The role of women is important in our society in which men are still dominating and playing the most important roles. In the last few years, Women’s position in society has been greatly overseen in comparison to their profile in the past; when they were seen just as housewives and their only role is taking care of children and obeying male orders. Moreover, they were not allowed to do any kind of jobs outside their homes like voting, studying or writing. A Century before, women started to think about the importance of their roles in society. All over the world and by all means, women wanted to change their oppressive situation or traditional roles in society; this led to a series of strikes, marches and protests that aimed to prove their equality to men. During the first and second world war, women participation in society emerged because she replaced man who went to the war inside and outside the house. In addition, she worked double shifts to earn more money for family support.
Women were kept away from learning and education because knowledge would make them question the obligatory power of the conventions and beliefs, which held them in their place; and it would show them how to achieve their freedom, and might even encourage them to assume leadership. Therefore, Feminist researchers and writers emphasize the importance of education in women’s life like Marry Wollstonecraft who paved the way for other feminists to look for equal opportunities in learning. Educating men and women is key to economic and social growth and sustainable development in all countries. Raising the educational levels and literacy rates of women is one of the most effective investments for increasing female productivity as well as enhancing the well-being of families and children. In some areas where women are becoming more educated than men, the challenge is making better use of women’s qualifications. In developing countries, reducing gender inequality in literacy and in primary and secondary education is essential to reducing poverty and accelerating economic development. In all over the world, governments started to realize the importance and the necessity of educating females not only for her benefits but also for the development of society in all the domains. They started to encourage parents to let their children especially girls to study to decrease the level of illiteracy. Recently, the African countries started to help female children to enter school especially children from the rural areas. In sub-Saharan Africa in 2005, the World Bank found that 83.6 girls for every 100 boys were enrolled in primary schools. Primary school enrollment figures do not tell the whole story because the gender gap in higher levels is more dramatic where there are more boys than girls, which has resulted to the lack of leadership capacities.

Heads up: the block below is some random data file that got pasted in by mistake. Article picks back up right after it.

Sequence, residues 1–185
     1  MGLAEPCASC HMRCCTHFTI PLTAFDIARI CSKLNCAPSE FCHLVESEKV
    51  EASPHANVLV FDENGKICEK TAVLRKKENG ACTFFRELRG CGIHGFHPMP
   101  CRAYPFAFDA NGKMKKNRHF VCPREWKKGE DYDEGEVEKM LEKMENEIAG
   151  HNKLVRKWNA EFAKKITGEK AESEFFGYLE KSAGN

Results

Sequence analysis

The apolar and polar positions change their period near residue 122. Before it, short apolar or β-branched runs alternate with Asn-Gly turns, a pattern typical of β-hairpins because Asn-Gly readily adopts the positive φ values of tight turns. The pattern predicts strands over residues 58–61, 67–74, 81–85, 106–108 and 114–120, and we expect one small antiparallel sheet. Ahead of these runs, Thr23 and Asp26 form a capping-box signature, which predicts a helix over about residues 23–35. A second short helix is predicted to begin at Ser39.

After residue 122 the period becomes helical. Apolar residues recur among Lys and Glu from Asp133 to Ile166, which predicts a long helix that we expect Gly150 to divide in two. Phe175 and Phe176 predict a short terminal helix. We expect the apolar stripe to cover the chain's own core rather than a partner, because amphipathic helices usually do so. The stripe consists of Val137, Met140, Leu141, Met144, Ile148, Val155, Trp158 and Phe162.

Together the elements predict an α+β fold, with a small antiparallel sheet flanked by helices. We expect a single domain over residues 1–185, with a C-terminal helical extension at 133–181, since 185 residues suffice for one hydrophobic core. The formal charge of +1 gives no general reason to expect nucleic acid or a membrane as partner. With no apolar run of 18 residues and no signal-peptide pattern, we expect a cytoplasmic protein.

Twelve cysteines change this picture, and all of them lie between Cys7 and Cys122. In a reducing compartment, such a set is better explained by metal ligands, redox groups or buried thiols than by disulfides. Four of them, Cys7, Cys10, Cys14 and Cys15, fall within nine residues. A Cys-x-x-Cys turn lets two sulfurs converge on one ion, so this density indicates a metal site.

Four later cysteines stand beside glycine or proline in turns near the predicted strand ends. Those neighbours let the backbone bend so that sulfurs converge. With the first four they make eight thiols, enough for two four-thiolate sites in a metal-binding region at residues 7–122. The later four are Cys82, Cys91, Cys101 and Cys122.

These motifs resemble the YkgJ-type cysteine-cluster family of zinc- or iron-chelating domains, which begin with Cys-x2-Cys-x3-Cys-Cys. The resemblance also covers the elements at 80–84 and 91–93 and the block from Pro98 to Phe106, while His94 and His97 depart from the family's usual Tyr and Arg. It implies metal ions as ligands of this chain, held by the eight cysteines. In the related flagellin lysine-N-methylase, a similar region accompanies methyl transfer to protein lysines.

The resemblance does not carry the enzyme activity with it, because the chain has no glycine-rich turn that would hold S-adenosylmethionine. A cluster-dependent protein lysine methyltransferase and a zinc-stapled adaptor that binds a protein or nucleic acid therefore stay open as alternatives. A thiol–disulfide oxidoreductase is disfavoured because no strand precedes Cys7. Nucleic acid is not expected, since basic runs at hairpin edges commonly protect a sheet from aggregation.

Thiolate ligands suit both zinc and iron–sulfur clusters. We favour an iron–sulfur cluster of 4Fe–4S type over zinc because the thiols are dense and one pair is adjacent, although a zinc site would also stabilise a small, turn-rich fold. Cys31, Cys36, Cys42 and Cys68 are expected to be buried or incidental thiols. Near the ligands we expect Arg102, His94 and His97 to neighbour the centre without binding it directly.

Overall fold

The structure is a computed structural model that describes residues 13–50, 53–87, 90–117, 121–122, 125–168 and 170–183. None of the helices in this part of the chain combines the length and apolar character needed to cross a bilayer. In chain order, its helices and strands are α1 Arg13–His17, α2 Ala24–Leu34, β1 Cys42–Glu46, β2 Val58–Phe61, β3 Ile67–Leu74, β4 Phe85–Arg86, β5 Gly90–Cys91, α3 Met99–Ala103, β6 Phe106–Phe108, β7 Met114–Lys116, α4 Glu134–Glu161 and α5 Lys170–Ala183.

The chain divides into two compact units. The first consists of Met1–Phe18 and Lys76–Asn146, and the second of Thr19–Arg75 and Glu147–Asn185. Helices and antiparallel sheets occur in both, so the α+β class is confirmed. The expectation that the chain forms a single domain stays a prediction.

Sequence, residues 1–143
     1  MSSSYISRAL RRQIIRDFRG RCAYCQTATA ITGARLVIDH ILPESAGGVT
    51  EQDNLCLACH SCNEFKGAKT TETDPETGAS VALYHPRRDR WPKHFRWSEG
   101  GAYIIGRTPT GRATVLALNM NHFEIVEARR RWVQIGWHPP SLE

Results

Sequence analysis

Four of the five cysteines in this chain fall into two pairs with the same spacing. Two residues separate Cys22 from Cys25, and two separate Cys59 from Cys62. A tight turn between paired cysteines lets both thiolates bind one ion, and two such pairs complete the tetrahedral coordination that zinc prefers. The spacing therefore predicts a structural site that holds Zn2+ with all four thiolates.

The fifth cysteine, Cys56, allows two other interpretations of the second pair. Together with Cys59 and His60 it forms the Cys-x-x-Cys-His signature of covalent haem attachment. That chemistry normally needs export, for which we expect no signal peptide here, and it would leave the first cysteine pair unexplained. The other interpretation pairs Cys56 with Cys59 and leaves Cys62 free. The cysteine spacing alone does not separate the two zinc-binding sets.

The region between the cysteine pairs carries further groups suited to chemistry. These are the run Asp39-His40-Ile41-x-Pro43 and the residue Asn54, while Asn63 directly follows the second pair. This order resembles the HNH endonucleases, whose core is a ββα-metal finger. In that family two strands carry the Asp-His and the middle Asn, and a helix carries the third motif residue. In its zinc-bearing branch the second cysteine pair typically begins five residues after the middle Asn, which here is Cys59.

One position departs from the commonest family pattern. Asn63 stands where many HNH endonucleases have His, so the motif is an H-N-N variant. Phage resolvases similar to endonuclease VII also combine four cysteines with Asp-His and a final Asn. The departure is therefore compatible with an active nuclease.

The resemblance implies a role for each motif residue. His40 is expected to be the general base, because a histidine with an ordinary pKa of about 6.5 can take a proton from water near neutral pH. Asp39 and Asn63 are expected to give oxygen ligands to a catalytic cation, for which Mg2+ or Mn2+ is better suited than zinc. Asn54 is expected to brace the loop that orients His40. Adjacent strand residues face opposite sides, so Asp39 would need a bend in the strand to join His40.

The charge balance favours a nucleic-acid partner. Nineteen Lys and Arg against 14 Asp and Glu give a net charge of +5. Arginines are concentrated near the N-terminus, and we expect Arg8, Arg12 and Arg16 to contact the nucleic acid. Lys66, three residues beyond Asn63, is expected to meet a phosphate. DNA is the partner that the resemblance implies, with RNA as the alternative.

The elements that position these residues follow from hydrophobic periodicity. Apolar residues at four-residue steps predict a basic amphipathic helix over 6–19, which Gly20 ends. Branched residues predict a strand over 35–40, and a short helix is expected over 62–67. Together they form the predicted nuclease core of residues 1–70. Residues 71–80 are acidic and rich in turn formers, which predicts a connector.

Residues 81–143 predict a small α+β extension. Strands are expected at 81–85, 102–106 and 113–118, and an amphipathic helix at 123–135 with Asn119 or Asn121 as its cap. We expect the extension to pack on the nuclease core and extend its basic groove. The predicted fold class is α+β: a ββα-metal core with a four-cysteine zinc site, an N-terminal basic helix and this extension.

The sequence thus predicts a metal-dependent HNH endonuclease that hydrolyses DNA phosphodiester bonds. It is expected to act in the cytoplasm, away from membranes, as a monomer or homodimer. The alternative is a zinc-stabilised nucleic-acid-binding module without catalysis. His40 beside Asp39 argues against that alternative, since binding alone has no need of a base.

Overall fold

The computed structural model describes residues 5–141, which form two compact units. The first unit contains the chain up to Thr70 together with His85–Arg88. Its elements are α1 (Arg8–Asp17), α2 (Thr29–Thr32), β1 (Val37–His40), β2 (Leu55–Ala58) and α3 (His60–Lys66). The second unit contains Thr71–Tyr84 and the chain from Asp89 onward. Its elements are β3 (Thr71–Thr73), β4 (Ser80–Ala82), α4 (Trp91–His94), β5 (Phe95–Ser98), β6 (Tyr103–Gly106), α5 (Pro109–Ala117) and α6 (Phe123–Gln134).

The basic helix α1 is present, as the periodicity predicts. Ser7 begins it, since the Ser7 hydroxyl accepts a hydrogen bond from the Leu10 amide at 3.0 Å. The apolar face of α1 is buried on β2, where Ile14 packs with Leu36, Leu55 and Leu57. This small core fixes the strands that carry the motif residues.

Catherine Beecher was among the famous feminists who were asking for the education of women. She added to her work a general propaganda for the woman’s education, and she devised large plans for its development. In 1852, she organized the American Woman’s Educational Association to help American women to have education, honorable position, and remunerative employment. She was able to affect the opinions of American girls and raised their awareness in the importance of education. Finally, Education should be considered as important as voting and working and should be in the priority of all the governments because educating women helps them to be productive to themselves and society as we now have more women occupying professional positions and contributing their quota to societal development. By improving the educational capacities of women, they would be able to form the characters of girls and boys; and by building their personalities, they are building better societies.
2.3 The Politics of Gender in Literature